- source – This is either “overall” (the sum), “EU” or “national”.
- amount – in (Ft). Sometimes this is negative.
The data I have produced is very clean (correcting difficulties on page 118 and page 8963) and all numbers (the “overall” figures) agreeing everywhere.
Here is the example for one farm (on four lines). The first line is the overall sum. It’s the first record on page 4515 of the PDF:
04515-00,Hortobágyi Természetvédelmi Közalap. 4063 Nagymacs Kastélykert utca 41/B,,,overall,5981187
04515-00,,EMVA – Kedvezőtlen adottságú területek,EMVA,EU,1606579
04515-00,,EMVA – Kedvezőtlen adottságú területek,EMVA,national,401645
The addresses are not clean (but there are no repeats) owing to my having no idea what a Hungarian address is supposed to look like. I’ll leave it to some Hungarian coder who knows Hungarian to work out how to match it against some phone-book location database and take this data further.
The total EU payments is 204,437,241,549 Ft. (There are 295 forints to the euro.) The total national payments is 104,134,982,548 Ft. In the list are 203,975 farms of which 29 have a zero subsidy and 236 have a negative subsidy.
The top 5 farms (and their funding) are 07518-02 (2,318,593,508), 01389-02 (1,392,871,559), 02734-01 (977,350,267), 04515-01 (906,917,938), so that’s a few more CAP millionaire there.
The most negatively funded farm is 09237-04 (-5,820,172).
todo: upload the 380 line python program here.
During the press conference, some farm lobbyist made a good show of trying to excuse Germany’s lack of publication (it’s complicated, there are legal issues with the constitution) but the representative of the Commission corrected him (“it’s very simple: they agreed to publish it by last week — and they didn’t”).
After the press conference, I spoke to a Hungarian reporter who said how they had cut-and-paste and reformatted by hand the first few pages of the document and calculated they could do it all in 11 hours (plus major RSI to the wrist and the brain).
One of the Danes also kept wanting to know how I made any money. The answer is, I don’t. But that’s not an excuse. Not when across the road from the Commission a huge system of marquees had been set up in honour of the first European SME week whose contents made absolutely no sense whatsoever.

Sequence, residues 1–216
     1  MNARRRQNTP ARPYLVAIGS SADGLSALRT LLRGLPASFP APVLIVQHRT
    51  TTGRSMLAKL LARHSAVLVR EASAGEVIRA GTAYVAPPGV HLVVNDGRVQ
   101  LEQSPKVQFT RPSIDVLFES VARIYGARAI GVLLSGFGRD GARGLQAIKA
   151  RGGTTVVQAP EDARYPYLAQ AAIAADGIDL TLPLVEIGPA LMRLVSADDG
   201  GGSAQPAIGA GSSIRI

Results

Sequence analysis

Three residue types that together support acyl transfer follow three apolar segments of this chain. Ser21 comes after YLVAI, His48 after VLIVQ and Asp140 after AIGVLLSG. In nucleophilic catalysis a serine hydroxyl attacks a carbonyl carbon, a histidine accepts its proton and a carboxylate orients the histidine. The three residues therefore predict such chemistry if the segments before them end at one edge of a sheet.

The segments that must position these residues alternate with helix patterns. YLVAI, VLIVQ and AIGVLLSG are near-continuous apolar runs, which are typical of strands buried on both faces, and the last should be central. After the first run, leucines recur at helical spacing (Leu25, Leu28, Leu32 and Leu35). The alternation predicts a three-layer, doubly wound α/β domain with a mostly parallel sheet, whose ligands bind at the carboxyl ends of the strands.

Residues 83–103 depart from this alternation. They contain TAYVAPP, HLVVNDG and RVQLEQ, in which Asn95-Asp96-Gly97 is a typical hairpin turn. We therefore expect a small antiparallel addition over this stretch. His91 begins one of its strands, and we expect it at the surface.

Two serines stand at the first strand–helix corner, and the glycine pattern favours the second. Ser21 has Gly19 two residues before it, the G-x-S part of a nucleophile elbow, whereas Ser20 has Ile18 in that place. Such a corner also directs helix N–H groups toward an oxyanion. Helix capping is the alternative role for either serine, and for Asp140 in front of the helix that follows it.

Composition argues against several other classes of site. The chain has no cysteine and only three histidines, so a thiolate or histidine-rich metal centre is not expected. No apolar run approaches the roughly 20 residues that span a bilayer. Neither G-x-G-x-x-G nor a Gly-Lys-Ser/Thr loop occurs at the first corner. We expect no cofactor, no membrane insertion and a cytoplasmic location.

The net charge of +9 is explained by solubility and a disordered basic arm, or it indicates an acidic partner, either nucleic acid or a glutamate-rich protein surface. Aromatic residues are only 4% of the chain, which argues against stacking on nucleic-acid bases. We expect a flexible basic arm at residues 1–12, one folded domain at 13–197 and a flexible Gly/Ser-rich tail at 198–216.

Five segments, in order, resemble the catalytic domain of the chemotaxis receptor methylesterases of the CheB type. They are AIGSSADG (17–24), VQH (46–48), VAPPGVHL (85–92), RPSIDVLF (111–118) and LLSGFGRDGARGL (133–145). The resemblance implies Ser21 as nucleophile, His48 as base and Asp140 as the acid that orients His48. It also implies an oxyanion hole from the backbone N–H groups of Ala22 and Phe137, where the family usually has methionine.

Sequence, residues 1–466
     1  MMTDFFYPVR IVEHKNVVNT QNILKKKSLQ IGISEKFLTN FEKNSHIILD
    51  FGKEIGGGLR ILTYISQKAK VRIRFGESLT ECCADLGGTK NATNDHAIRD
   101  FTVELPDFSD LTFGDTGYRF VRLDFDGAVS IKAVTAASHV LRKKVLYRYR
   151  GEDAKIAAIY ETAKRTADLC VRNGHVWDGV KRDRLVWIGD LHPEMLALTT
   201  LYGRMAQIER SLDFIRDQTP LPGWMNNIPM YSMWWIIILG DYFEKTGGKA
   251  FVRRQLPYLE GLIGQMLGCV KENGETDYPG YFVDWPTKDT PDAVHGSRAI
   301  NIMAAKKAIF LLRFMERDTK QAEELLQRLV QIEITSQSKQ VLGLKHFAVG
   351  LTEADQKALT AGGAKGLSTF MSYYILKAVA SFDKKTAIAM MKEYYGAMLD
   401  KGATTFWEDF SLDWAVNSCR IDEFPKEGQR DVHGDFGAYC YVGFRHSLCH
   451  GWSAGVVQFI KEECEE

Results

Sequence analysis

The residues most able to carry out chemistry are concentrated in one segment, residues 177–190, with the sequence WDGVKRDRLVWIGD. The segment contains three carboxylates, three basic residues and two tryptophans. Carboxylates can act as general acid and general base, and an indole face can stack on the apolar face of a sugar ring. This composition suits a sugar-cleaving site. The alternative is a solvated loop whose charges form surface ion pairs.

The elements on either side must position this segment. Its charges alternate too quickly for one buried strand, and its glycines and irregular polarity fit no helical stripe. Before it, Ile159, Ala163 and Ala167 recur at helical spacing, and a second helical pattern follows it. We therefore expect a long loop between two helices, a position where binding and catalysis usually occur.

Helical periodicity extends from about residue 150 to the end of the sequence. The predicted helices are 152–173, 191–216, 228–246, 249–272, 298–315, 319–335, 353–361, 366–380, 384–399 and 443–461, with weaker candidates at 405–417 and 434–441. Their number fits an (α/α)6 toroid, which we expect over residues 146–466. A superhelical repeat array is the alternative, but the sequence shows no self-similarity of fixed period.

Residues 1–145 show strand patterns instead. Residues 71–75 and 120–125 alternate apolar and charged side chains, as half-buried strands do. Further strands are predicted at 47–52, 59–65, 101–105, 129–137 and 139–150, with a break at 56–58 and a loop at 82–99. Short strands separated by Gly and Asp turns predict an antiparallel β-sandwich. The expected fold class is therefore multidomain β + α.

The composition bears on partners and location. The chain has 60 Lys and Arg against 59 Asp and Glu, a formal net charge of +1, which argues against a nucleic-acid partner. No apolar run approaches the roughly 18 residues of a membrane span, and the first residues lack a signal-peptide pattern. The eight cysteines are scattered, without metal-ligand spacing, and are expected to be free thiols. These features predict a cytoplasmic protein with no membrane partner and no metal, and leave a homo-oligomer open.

What can you do in a world where there’s loads of money available to create rubbish, but no one wants to pay to clean it up?
Several days ago I woke up with an awful hangover from ranting all night in the pub
atwith Francis, a founder of Serious Change, some kind of campaign action group attempting to get the government and the public to take serious action about converting to a low-carbon economy without mentioning “climate change”, which they have deemed as a green lefty political turn-off.
The theory goes that because the issue gets pigeonholed by people as some sort of hippy-eyed woolly-left-wing radical idea, they then ignore it. So if you try and press the idea of the need for a low-carbon economy from within some other harder category (eg national security), then it might get taken seriously, and may even be adopted by right wing groups who get a lot of media coverage, like The Taxpayers Alliance — whom I think are just there to echo-chamber the extremist views of the newspaper proprietors whose media outlets cite them and lie about their credibility.
Now, I think I remember saying that I thought he had this whole thing backwards. The media and the public don’t categorize the existential threat of climate change as an environmental issue, and then ignore it. What they do is first choose to ignore it, and then categorize it as an environmental issue.